A normal vaginal pH level is between 3.8 and 4.5, which is moderately acidic. The pH scale ranges from 0 (strongly acidic) to 14 (strongly basic or alkaline). A pH of 7.0, in the middle of this scale, is neutral.
Read on to find ways to maintain the balance of your vagina and how to keep it healthy.
Signs and Symptoms of Unhealthy Vagina
Unusual, strong smell. The vagina has its natural smell and if you think the smell is getting stronger, then it must be an infection or simple irritation by fabrics, friction, products, etc.
Abnormal vaginal discharge. This is a normal phenomenon until it gets too heavy and you need to keep changing your underwear or use a pantyliner. When heavy discharge comes with a smell, unusual colour, texture, and sometimes with pain, it could be a sign of an infection or another underlying condition.
Itching. Itching can be caused due to various reasons or from just a simple irritation after shaving, waxing, or after a rough activity or sex causing more friction. If itching is persistent and causes extreme discomfort, then you might have to consult your gynaecologist.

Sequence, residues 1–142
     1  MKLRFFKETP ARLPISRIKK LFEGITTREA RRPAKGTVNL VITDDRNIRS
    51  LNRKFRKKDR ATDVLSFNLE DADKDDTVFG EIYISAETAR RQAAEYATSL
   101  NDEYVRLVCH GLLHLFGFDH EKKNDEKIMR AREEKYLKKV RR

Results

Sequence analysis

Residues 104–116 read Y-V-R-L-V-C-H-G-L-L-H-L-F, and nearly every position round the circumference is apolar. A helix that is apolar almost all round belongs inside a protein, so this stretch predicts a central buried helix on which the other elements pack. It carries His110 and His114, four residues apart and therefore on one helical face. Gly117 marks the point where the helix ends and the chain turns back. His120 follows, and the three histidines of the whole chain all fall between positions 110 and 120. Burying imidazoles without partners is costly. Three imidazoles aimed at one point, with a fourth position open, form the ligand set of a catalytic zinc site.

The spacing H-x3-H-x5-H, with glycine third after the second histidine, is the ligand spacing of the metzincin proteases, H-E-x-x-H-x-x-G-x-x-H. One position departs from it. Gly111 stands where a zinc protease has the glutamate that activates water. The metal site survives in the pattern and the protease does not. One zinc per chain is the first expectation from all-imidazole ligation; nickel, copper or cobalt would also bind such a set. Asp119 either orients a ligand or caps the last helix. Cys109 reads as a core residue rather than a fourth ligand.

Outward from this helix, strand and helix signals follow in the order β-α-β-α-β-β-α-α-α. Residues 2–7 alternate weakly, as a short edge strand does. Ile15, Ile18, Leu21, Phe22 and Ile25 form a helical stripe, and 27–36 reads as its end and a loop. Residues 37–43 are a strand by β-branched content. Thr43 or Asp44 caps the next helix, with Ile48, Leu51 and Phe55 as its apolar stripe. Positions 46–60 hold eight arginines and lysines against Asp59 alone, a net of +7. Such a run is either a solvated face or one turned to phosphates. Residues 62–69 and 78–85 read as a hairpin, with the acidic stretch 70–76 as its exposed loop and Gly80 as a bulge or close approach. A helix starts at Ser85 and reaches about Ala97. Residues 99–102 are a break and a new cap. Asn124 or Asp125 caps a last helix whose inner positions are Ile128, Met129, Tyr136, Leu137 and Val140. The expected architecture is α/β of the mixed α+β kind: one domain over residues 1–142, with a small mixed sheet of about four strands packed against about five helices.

Dryness. Vaginal dryness is a feeling of soreness or itchiness in and around your vagina. Vaginal dryness can cause pain and discomfort during sexual intercourse and you may urinate more than usual.
Any problems in the vagina can impact fertility, sexual desire and ability to reach an orgasm. An enduring vagina disorder can put you under tremendous stress, hamper relationships and crash your self-confidence. If you notice any of the above signs or experience these symptoms often, then it is advisable to consult your gynaecologist without any delay.
10 Simple Ways to Keep Your Vagina Healthy
Your vagina is independent and can function perfectly well with just a little care and love. Here are 10 simple ways to follow and practice daily to keep your vagina healthy and happy: